Applications in Confocal Microscopy
Fluorescence Photobleaching Investigations
Both fluorescence loss in photobleaching (FLIP) and the related methodology of recovery after photobleaching (FRAP) are techniques for observing the movement of intracellular materials through photobleaching of fluorescence. A specific area of a floating fluorescent dye on a cell membrane, an organelle (endoplasmic reticulum and Golgi apparatus) membrane, or a floating fluorescence-labeled protein on these membranes is bleached, and the loss or recovery of fluorescence is observed to examine fluidity in the lateral direction (see Figure 1). The techniques of FLIP and FRAP are also used to confirm the continuity of membranes.
Recently, a study was conducted in which cytoskeletal proteins were labeled with fluorescent dye to confirm how turnover (replacement) of proteins constituting microtubules and intermediate-size filaments (10-nanometer filaments) occurs (Vikstrom et al., 1992). The techniques presented in this study can be used to determine whether the turnover occurs at the end or in the middle of the filaments.
Experiments using FLIP and FRAP have recently become much easier to carry out due to the use of green fluorescent proteins (GFPs). GFPs can be expressed in cells as a fusion protein with the target protein. Before GFPs became available, the observation of protein behavior in the cytoskeleton required proteins to be purified, fluorescently-labeled and introduced into the cell by means of microinjection.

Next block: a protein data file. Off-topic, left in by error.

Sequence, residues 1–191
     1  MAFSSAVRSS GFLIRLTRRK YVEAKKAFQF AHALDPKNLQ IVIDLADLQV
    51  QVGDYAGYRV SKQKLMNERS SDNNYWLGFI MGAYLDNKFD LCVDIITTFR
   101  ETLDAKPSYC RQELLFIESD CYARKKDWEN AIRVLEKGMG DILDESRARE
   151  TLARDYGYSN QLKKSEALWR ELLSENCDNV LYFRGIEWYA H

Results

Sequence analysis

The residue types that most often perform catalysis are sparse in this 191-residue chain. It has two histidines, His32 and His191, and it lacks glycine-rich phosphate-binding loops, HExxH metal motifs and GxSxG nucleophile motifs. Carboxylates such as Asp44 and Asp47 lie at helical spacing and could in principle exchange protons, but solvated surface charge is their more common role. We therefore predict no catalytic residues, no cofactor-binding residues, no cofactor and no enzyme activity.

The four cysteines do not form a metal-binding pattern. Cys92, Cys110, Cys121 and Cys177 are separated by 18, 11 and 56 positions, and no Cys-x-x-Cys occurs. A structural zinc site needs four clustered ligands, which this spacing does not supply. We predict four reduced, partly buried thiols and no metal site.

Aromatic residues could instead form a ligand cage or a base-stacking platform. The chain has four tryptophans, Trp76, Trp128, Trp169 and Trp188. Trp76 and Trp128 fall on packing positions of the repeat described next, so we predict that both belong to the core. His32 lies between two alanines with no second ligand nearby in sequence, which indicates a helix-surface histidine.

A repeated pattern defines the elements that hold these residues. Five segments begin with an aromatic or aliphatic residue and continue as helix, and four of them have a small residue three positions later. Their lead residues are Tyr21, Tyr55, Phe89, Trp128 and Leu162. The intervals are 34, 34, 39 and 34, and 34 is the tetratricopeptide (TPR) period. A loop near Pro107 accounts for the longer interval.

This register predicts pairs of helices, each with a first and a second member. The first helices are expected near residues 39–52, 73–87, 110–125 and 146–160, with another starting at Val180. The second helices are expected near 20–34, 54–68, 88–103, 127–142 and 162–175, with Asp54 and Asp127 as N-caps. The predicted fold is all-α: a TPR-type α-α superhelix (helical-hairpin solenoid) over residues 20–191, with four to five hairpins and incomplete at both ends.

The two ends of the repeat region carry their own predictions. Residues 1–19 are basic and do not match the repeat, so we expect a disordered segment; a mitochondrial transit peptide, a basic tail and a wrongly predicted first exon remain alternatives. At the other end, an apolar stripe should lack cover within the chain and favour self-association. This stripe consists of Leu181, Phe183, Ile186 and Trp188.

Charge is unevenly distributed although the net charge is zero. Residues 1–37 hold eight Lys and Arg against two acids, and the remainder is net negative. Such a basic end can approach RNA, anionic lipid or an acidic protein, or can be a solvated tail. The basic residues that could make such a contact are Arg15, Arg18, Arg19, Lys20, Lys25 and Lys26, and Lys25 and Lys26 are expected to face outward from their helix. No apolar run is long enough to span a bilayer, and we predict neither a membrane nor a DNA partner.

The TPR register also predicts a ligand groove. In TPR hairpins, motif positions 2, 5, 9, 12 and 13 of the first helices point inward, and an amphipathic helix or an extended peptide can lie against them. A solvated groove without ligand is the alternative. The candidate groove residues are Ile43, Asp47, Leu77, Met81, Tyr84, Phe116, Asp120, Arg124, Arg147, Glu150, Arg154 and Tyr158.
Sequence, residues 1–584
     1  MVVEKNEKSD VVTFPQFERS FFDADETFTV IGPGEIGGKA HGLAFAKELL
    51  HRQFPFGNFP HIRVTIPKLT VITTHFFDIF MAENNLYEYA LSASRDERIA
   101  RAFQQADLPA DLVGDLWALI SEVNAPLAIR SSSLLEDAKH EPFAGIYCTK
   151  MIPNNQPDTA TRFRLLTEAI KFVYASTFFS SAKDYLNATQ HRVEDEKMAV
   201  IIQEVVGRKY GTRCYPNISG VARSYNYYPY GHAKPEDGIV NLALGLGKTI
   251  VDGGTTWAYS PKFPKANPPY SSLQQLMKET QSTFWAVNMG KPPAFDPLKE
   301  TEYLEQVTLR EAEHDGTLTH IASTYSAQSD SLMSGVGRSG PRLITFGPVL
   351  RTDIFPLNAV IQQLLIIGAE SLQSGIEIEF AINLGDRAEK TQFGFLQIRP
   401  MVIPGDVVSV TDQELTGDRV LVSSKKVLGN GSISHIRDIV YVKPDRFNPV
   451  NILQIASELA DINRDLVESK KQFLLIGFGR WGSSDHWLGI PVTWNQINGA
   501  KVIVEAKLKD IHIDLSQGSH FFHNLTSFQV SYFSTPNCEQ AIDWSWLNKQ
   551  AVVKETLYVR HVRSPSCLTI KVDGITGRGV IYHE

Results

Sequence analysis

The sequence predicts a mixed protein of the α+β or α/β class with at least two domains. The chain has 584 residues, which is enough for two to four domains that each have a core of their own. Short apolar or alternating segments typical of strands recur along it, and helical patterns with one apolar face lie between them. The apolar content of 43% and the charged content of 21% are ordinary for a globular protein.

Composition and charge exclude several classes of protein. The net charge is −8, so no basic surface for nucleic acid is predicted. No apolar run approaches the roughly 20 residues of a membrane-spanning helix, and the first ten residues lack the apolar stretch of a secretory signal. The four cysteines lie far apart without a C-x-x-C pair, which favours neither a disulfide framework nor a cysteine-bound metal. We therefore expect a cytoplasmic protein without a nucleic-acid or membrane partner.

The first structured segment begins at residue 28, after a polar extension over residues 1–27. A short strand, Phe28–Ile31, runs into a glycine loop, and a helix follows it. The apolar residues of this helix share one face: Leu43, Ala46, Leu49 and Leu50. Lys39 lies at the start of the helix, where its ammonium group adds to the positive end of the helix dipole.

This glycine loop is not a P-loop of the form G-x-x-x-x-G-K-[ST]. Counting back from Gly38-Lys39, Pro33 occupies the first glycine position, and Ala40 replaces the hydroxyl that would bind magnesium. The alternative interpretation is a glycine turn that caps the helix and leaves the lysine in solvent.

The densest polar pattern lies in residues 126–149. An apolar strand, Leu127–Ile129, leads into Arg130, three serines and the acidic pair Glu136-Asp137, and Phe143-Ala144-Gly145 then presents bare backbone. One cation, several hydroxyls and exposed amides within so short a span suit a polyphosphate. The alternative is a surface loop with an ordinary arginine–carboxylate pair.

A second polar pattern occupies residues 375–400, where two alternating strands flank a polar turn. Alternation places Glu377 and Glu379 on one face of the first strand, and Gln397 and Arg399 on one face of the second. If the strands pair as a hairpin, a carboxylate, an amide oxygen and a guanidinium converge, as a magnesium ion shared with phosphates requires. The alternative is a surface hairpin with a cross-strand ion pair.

Fluorescence Loss in Photobleaching
The continuity of organelle membranes in the cell including the endoplasmic reticulum, the Golgi apparatus and the nucleus has been verified by FLIP. After the area of interest has been photobleached, fluorescence is rapidly recovered by means of diffusion. When the same area has been bleached repeatedly, the fluorescence of the whole organelle membrane is lost, indicating that the fluorescence is floating on the organelle membrane.
Fluorescence Recovery After Photobleaching
A fluorescent dye previously conjugated with the target protein molecules or lipid membrane is bleached at the area of interest in the specimen and FRAP is used to observe how the fluorescence in the bleached portion recovers through dye turnover by means of diffusion.
Vikstrom, K. L. et al., Journal of Cell Biology, 118: 121-129 (1992).